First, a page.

Avoid Discipline Charges
Free air-conditioners all at the realtor’s expense. And, you might wonder why?
It’s very simple. The agent said central air was included. Only one little problem, the property never had central air. So, the solution seems straightforward: the agent should pay for the air conditioning system.
But, the agent was somewhat reluctant, so the matter became the subject of a complaint against the agent, and the brokerage. That meant that the issue had to be resolved by the Discipline Committee of the Real Estate Council of Ontario (RECO) which regulates and supervises the conduct of sales representatives, brokers, and brokerages in Ontario. A $2,000 fine was assessed as against both the agent and the broker; that’s $4,000, and the agent had already paid $1,000 for the new air conditioning system. So, basically, that’s 5 air conditioners. Why not just comply? Why fight? Pay up and generate some goodwill. Just pay once!
Well, really, human nature being what it is, people often don’t like to admit their mistakes.
Here’s what happened:
· The agent took the listing and checked off central air
· The MLS system showed central air included
· The Offer stated “central air” as a chattel to be included as part of the purchase price
· When the deal was closed, the purchaser discovered that there was no central air
· The purchaser complained
· The broker failed to take responsibility and blamed the agent
· The agent arranged for the vendor to contribute to the cost
· Central air was installed at the expense of the agent and the vendor
Allegations of Unprofessional Conduct
RECO takes the position that the agent acted unprofessionally when he:
· Failed to verify that there was indeed a central air conditioning unit in place before advertising that the Property had a central air conditioner,
· Placed a false and misleading advertisement on the Real Estate Board MLS system regarding the air conditioning system,
· Failed to protect the seller clients from potential litigation and/or additional expense by executing the Agreement of Purchase and Sale to include the air conditioner.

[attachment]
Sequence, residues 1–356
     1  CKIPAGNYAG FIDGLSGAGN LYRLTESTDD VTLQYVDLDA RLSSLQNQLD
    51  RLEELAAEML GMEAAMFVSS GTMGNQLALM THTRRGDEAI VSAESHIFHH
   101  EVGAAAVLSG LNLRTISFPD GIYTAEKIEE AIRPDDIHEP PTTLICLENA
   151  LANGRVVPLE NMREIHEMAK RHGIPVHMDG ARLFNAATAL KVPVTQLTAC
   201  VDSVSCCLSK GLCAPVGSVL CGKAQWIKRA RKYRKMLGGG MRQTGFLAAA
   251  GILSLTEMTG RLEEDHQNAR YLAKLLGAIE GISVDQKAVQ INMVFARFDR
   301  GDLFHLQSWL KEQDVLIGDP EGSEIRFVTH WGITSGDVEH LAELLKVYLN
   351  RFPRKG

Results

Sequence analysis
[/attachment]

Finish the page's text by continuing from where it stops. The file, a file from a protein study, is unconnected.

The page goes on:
· Failed to treat the buyer and her representative fairly by leading the buyer and her representative to believe that the central air conditioning was a part of the transaction.
In conclusion, the Discipline Committee found that the following breaches of professional ethics had occurred:
Rule 1 – Ethical Behaviour –
A Member shall:
(2) endeavour to protect the public against fraud, misrepresentation or unethical practice in connection with real estate Transactions,
(5) deal fairly, honestly and with integrity with the public, other Members and third Parties.
Rule 2 – Primary Duty to Client:
A Member shall endeavour to protect and promote the best interests of the Member’s Client. This primary obligation does not relieve the Member of the responsibility of dealing fairly, honestly and with integrity with others involved in each transaction.
Rule 11 – Discovery of Facts:
A Member shall discovery and verify the pertinent facts relating to the Property and the Transaction relevant to the Member’s Client that a reasonably prudent Member would discover in order to fulfill the obligation to avoid error, misrepresentation or concealment of pertinent facts.
Rule 21 – Advertising:
A Member shall ensure that all advertising and promotion by or on behalf of the Member, including for Properties and Services, is not false, misleading or deceptive.
Rule 43 – Broker Responsibility
A broker shall be responsible for the professional conduct and professional actions
of those Members registered with that broker.
The broker was responsible for advertising and supervision. You might think that a broker would undertake some spot audits to ensure that every agent fulfilled their responsibilities.
This seems clear. Either there was or there was not, central air! This information needs to be verified. It doesn’t matter if it’s cold and windy, the easiest route is to go out and check.
What if it’s broken, and it’s the middle of winter? Be careful!
If a problem arises, then deal with it. In this case everyone wanted to pass the buck. Had the matter been quickly resolved, the purchaser would not have complained to RECO. Instead, everyone would have said what a great guy, the listing agent was.
But now, the agent had to pay an additional $4,000, basically the cost of four additional systems. Here, I’m assuming that the broker’s fine will be back-charged to the agent. The delay and lack of commitment from the vendor just wasn’t worth it.
So, if you are an agent in this mess: pay for it up front once, and worry about partial reimbursement from your client later.
Brian Madigan LL.B., Broker